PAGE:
Here is a list of terms you should be aware of:

Active – a member of a sorority or fraternity who has been fully initiated into the group (as opposed to a pledge, who is not a full-fledged member).

Bid – an invitation to join a sorority or fraternity.

Chapter – the individual franchise of a national Greek-letter organization on a campus.

Depledge – to bow out of a sorority or fraternity before initiation

Fraternity – a group of men united in brotherhood, ideally for life

Hazing – a moronic practice of subjecting potential members of a group to various tests of endurance or humiliation. Thankfully, this is becoming obsolete on many campuses.

Invitational parties – these are longer and somewhat more elaborate than the open-house parties. The objective here is to provide smaller groups of rushees with a more intimate impression of the personalities of the individual house.

Legacies – close relatives of current and former sorority or fraternity members, whom that members chapter is basically obliged to accept.

Open-house parties – short receptions of about 30 minutes each, designed to bring every rushee into every sorority house on campus. From these brief encounters, the rushees are supposed to begin narrowing their choices a bit for the next round of parties, the invitationals.

Open Rush – a series of relaxed, informal parties after the main rush is over. The advantage here is that rushees have much more time, and much less pressure to make a decision.

Panhellenic Council – the group that regulates Rush (and all Greek) procedures.

Pledge – to join a sorority or fraternity. A pledge is new, but not yet permanent.

Preferential or Pref Parties – the final rounds of formal rush.

Rushee – someone going through Rush, whos considering joining a sorority or fraternity.

Rush Week – a limited, high-pressure period when people in Greek letter fraternities and sororities recruit, or rush, new students in hopes of nabbing a good crop of pledges to keep their organizations alive and kicking for another four years.

Sorority – a group of women united in sisterhood, ideally for life.

Suicide – an all-or-nothing decision where some desperate person says, If I cant get into Fraternity A, then Im not interested in anything else.

How to Write a Killer College Application Essay

I know a lot of students struggle when writing their college application essay.

Here is some advice from actual college admissions officers on what they look for in a quality college essay:

Be Original
The essays we dislike the most are those that seemingly could have been written by 2,000 or 3,000 other applicants. Were looking for distinctiveness. Think of us hoping that the application will at least figuratively come alive in front of us, so when were struggling to read applications at 10:30 p.m. on any given night, seven nights a week during the reading perio, were looking for personality. Were looking to grasp hold of an individual.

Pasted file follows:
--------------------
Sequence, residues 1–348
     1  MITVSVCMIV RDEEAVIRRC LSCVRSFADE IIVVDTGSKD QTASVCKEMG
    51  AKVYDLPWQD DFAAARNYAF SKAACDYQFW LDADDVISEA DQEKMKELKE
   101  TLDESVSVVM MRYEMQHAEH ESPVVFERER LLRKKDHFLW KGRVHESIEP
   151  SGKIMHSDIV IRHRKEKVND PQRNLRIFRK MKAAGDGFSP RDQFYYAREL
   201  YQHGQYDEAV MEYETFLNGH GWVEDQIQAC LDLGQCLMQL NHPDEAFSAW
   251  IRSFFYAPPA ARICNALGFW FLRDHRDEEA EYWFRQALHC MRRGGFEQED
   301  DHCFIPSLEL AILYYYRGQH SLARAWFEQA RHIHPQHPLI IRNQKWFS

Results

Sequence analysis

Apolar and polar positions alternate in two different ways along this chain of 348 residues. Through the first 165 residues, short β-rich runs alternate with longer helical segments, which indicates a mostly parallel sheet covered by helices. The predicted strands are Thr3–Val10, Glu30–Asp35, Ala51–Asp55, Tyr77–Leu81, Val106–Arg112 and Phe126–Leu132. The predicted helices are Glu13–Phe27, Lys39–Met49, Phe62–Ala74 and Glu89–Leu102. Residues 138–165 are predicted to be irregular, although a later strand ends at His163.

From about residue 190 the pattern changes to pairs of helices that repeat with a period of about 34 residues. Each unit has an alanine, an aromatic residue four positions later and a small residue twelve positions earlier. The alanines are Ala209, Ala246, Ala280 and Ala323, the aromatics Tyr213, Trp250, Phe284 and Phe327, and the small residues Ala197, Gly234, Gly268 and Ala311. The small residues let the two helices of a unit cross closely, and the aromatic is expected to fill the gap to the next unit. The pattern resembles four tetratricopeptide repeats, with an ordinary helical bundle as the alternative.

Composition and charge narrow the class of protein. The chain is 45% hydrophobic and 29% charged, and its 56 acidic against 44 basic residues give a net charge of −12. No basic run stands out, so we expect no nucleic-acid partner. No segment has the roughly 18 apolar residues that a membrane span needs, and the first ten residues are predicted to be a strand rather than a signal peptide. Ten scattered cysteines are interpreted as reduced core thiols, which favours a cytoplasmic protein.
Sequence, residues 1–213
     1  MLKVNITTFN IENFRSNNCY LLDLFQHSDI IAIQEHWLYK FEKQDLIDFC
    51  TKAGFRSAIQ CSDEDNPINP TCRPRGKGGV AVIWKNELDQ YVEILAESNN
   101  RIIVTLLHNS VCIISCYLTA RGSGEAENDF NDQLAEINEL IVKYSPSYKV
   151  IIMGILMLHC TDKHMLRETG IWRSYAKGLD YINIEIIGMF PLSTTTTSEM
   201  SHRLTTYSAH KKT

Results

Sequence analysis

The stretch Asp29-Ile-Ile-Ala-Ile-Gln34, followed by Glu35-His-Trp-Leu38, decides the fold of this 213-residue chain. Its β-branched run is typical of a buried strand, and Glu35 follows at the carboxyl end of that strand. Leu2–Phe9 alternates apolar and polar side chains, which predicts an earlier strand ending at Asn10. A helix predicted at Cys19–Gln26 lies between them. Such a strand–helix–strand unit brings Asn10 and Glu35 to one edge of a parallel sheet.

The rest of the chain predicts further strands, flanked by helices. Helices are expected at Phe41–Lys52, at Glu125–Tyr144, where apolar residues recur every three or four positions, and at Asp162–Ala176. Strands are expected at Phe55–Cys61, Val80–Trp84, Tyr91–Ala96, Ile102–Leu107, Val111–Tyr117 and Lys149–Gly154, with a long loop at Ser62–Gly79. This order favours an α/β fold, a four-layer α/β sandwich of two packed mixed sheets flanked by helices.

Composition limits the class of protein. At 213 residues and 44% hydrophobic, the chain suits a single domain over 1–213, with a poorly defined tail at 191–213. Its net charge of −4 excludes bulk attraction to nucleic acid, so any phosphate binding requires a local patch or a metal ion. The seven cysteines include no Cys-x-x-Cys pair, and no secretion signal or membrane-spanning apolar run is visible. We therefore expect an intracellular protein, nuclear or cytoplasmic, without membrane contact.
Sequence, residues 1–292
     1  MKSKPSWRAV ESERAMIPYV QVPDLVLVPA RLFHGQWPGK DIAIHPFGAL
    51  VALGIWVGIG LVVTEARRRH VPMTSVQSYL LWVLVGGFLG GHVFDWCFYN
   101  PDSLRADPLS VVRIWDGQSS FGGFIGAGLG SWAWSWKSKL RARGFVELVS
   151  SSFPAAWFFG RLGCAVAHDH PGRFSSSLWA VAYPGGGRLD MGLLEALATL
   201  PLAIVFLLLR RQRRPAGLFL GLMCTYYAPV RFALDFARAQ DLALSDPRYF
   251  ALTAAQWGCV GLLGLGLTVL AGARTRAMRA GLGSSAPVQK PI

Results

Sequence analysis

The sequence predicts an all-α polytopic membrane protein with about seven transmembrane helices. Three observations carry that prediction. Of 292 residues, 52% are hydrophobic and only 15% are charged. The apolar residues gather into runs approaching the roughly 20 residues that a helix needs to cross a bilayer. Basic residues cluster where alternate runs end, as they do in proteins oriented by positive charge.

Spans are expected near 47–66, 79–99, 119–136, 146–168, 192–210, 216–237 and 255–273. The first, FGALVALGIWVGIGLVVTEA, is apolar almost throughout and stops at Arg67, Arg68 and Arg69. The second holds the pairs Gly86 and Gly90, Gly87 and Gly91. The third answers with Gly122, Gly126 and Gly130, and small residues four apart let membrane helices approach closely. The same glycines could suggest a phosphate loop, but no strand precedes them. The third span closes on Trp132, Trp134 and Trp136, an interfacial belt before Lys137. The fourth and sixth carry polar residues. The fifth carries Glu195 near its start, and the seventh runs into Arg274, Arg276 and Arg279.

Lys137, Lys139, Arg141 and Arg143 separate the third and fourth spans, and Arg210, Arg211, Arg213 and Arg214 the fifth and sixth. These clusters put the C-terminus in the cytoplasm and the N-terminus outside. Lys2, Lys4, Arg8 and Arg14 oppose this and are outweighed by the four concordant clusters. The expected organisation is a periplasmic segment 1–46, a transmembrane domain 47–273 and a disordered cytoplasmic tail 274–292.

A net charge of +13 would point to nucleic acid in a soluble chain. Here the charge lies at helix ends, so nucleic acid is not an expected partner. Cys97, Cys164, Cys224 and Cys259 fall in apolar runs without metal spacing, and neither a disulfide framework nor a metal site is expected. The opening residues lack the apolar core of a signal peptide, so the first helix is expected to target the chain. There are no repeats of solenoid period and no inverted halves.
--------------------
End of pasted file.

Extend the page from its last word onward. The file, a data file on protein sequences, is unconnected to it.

Tell An Interesting Story
A students writing style can sometimes tell us as much about the student as the actual story itself. I like reading something interesting that happened to students. The essays that I dread reading are, of course, the ones that start out about My trip to Europe or something like that. If they do have a story to tell and it is something about their trip to Europe, Id rather hear something about a specific incident that happened rather than a travelogue and summation that says, Now I have a greater understanding of culture.

Be Creative
I dont think everybody has to have some major event that they have to write about in their lives. I think the student has to use some creative juices to come up with an interesting way of talking about the family dog or a relationship with a sick aunt. Those are the kinds we like to read, those that arent the typical 300 words Pikes Peak out-the-rear-window-of -a -car-essay.

Be Concise and Clear
I like to see things that are written concisely and clearly. I dread the long, long, long essay that brings in every unimportant detail about what theyre trying to get across. I really like it when people can express themselves in a brief manner and also be effective at the same time.

Write Straight from the Heart
We want essays that come straight from the heart. Thats the point of the essay. Why do you want me? Why do you want me as a student on your campus? What are you going to contribute? I dont mean by being president of the senior class or being an All-American. There are lots of ways that students can contribute. They need to have a sense of themselves in order to present that in written form.

Show Your Personality
The essay should not be simply a regurgitation of information thats already in a students resume. I like to see students walk out on thin ice and use humor if its natural for them. They shouldnt put on some kind of corporate vocabulary simply to try to impress the committee. Were more interested in personal style and the substance of the writing than how they can impress us with their vocabulary and their sentence structure.

Dont Try to Be Funny if Youre Not
Many people bomb when they try to be humorous because peoples senses of humor dont always match. Someone may think something is funny, and it may be derogatory to someone else.

Please comment with some personal advice on writing college application essays